UNMC and University of Nebraska-Lincoln engineers collaborated to develop a new surgical grasping tool, trademarked under the name Intuitool, for minimally invasive surgery. Months later, the groups introduced a family of miniature robots capable of being slipped into a patient's abdomen and controlled by a surgeon hundreds of miles away. The miniature robots - the width of a lipstick case - made international headlines, including a CNN appearance.

The medical center became the first and only nationally certified stroke center in Nebraska and the Epilepsy Center achieved national designation as a level four regional center for the treatment of epilepsy – the highest designation possible.

In late September, Mark Maeder of Papillion received a life-saving heart transplant - the first at The Nebraska Medical Center since 1999.

This past summer, UNMC hosted six undergraduates - the first to participate in the unique Virginia-Nebraska Alliance, an academic and research partnership between UNMC, Virginia Commonwealth University, six Historically Black Colleges and Universities and a leading Virginia community college.

The 2005 Cattlemen's Ball raised $600,000 for the UNMC Eppley Cancer Center, shattering previous fund-raising records.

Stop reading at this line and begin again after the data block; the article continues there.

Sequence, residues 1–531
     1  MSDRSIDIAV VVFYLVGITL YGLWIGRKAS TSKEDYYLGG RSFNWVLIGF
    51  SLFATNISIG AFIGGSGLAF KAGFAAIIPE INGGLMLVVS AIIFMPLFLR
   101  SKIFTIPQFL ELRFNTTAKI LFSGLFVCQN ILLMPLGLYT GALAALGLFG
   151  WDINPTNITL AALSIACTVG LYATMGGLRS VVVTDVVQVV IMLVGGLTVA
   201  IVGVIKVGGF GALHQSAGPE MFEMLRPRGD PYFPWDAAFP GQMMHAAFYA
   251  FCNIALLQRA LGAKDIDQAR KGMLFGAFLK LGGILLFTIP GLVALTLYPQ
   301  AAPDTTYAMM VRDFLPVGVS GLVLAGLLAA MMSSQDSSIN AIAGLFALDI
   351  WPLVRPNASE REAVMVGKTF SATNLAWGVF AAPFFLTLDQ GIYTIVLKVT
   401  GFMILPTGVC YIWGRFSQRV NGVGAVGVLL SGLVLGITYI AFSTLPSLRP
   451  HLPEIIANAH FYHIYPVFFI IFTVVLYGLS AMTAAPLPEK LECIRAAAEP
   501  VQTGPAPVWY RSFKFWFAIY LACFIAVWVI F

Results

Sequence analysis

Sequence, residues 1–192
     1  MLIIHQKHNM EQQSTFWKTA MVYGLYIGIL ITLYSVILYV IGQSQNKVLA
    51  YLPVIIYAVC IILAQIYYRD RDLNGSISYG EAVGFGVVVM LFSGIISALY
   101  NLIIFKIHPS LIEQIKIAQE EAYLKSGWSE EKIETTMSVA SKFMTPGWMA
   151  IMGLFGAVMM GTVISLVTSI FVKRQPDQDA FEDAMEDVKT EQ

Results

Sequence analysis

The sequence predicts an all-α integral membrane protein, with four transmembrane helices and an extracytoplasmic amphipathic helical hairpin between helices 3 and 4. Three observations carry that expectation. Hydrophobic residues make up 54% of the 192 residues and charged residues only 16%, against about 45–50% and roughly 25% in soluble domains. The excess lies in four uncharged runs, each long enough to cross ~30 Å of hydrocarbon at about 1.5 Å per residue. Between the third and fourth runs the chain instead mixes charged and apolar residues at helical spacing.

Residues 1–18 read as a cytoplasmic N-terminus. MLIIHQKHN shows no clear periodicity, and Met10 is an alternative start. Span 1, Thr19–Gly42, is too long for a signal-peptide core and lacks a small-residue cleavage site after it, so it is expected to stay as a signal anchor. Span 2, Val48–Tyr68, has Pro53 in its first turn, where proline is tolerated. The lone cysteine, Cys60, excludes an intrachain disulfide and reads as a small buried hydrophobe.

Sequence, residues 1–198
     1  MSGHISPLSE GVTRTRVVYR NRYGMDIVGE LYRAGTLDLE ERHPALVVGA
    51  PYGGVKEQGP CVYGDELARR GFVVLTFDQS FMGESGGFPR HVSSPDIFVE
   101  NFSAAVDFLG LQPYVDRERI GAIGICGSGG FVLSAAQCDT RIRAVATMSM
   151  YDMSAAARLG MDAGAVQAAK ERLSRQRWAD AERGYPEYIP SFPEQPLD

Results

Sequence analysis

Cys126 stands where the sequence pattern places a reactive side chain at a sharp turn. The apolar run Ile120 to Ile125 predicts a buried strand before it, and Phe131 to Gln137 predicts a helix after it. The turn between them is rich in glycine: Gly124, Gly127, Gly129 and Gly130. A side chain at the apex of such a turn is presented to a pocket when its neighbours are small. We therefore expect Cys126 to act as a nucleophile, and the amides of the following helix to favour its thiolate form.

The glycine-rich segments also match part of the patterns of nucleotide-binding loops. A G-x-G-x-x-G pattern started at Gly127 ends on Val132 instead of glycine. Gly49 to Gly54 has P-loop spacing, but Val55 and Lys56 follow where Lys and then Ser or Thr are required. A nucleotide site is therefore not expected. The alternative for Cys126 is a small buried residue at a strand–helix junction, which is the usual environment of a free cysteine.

In fall 2005, the UNMC College of Nursing Lincoln Division moved to a new temporary location in downtown Lincoln and the UNMC College of Nursing opened an alumni history museum on the Omaha campus.

UNMC researchers conducted a unique vaccine trial for breast cancer patients with non-metastatic disease. The vaccine, developed by Drs. Ken Cowan and James Talmadge, is made from the patient's own dendritic cells and may be an effective way to induce an immune response to fight breast cancer.

UNMC announced a unique statewide effort to identify potential lung cancer – the deadliest cancer in America – early through CT scans provided by participating hospitals across the state.

UNMC Chancellor Harold M. Maurer, M.D., was crowned the 109th King of Ak-Sar-Ben for his role in propelling UNMC into a world-class academic health science center.

In May 2005, the Cancer Cell cover story spotlighted a UNMC study that sheds light on a mechanism involved in the pathological destruction of bone caused by metastatic prostate cancer. The study provides critical insight into the process of prostate cancer-driven bone destruction and identifies a treatment that may interrupt bone disease caused by the spread of prostate cancer.